pfd 14 results

This Lobster Season, Just Wear a PFD

Above: Capt. Andrew Titus of Mersey Seafoods sporting his personal floatation device dockside, October 2021. Contributed photo   The preparation is over and Nova Scotia’s two largest lobster fishing areas’ (LFAs 33/34) captains and crews are now catching the prized crustaceans. For months, fishermen have been fixing gear, getting life rafts inspected, doing oil changes, arranging for bait and so much more to what some say is an endless list of things to do before the traps ...

The Saga of Recommendation M16-05

On September 5, 2015, the fishing vessel Caledonian capsized 20 nautical miles west of Nootka Sound, British Columbia. At the time, the vessel was trawling for hake with four crew members onboard. Following the capsizing, the master and mate climbed onto the overturned hull and remained there for several hours. When the vessel eventually sank, the master and mate abandoned it and the mate swam toward and boarded the life raft. The Canadian Coast Guard subsequently rescued the mate and ...

PFDs: A Regulatory Disconnect

On September 5, 2015, the fishing vessel Caledonian capsized 20 nautical miles west of Nootka Sound, British Columbia. At the time, the vessel was trawling for hake with four crew members onboard. Following the capsizing, the master and mate climbed onto the overturned hull and remained there for several hours. When the vessel eventually sank, the master and mate abandoned it and the mate swam toward and boarded the life raft. The Canadian Coast Guard subsequently rescued the mate and ...

Safety – Everybody’s Job

Safety in the fishing industry is different than in other industries. Statistically, fishing is still the most dangerous occupation in the country outside the military and policing. We lose, on average, nearly a dozen fishermen every year. That high number is due in part to the fact that some accidents at sea cause multiple deaths, especially in these days of larger boats. While no two fatal accidents are alike in the inshore fishing industry, there are often similarities. I once wrote ...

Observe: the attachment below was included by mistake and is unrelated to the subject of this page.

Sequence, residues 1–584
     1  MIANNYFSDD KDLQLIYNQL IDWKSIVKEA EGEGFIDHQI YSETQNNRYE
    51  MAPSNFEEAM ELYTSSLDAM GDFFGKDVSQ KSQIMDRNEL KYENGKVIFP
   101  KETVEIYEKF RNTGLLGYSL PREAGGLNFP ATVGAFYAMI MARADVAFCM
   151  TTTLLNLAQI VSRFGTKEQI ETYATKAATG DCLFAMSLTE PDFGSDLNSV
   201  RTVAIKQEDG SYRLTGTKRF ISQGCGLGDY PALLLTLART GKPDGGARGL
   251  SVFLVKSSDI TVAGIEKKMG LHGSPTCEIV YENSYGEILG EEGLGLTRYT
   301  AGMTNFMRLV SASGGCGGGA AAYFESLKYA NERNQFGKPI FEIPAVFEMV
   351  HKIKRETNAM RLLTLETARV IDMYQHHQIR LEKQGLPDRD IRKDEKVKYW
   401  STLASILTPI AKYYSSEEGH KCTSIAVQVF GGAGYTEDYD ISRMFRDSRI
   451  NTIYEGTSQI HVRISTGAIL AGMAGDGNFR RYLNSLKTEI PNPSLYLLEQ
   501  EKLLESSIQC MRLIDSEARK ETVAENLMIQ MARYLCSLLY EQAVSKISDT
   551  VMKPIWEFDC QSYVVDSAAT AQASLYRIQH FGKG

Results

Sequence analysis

On the Waterfront – March 2017

Increase in Turbot TAC for Nunavut The Nunavut Offshore Allocation Holders Association (NOAHA) has stated it is pleased with the recent announcement by Fisheries and Oceans Canada (DFO) of an increase in total allowable catch (TAC) for Greenland halibut (turbot) in NAFO Divisions 0A and 0B. The Total Allowable Catch for Division 0A will increase from 8,000 tonnes to 8,575 tonnes and Nunavut will receive 100 per cent of the increase. The total allowable catch for NAFO Division 0B will ...

Belliveau to Introduce Legislation to Improve Regulations on Personal Floatation Devices

MLA for Queens-Shelburne Sterling Belliveau is preparing a Private Member’s Bill to strengthen Occupational Health and Safety regulations to mandate the workplace use of a personal flotation device (PFD) while “on deck on the water.” The bill coincides with concerns raised recently by the chairperson of the Transportation Safety Board of Canada about weak standards for PFD use. “The fishery in Nova Scotia is a national leader in terms of its economic performance. We can also be a ...

Fishing Industry Participants Working to Help Their Own

When Stewart Franck began working with the Fisheries Safety Association of Nova Scotia (FSANS), he said seeing a fisherman wearing a personal flotation device was a rare thing. Now, five years after getting the conversation going about implementing safe fishing practices in the commercial fishing industry, it is the opposite. “It’s at the point now that fishers that don’t wear the PFDs are in the minority,” said Franck, the executive director of FSANS. When asked how the ...

Incentives, Risks and Safety

Safety is a big concern in the fishery, as this issue of The Navigator illustrates. Fishing is widely reputed to be the most dangerous occupation in the world. There are certainly long histories and many stories of tragic losses of vessels and crews. And the danger is probably a big part of the reason reality TV shows like The Deadliest Catch and Coldwater Cowboys attract substantial audiences. So why are people willing to fish for a living, despite the dangers? Essentially, people ...

PFDs: Pure Idiocy Not to Wear Them

I have a lot of photographs of vessels leaving port on the annual ‘dumping day’ in south west Nova Scotia’s winter lobster fishing season. There is always one thing that stands clear — fishing boats are heavily laden with lobster gear, there are usually three or four men aboard and in recent years the stern has a ramp instead of a rail — it’s wide open. A crewman aboard one of the vessels in my collection, when discussing ship-board accidents, stated that the issue wasn’t if ...

Safety First

Stewart Franck thinks about safety at sea a lot. In fact, the executive director of the Nova Scotia Fisheries Safety Association is paid to think about it and where possible, improve the safety record of the most dangerous commercial industry in the country. Stewart was born in Bridgewater, Nova Scotia and still lives in the region, although he lived in Manitoba for several years when his parents moved there when Stewart was a boy. Although Bridgewater is 15 miles inland from the ...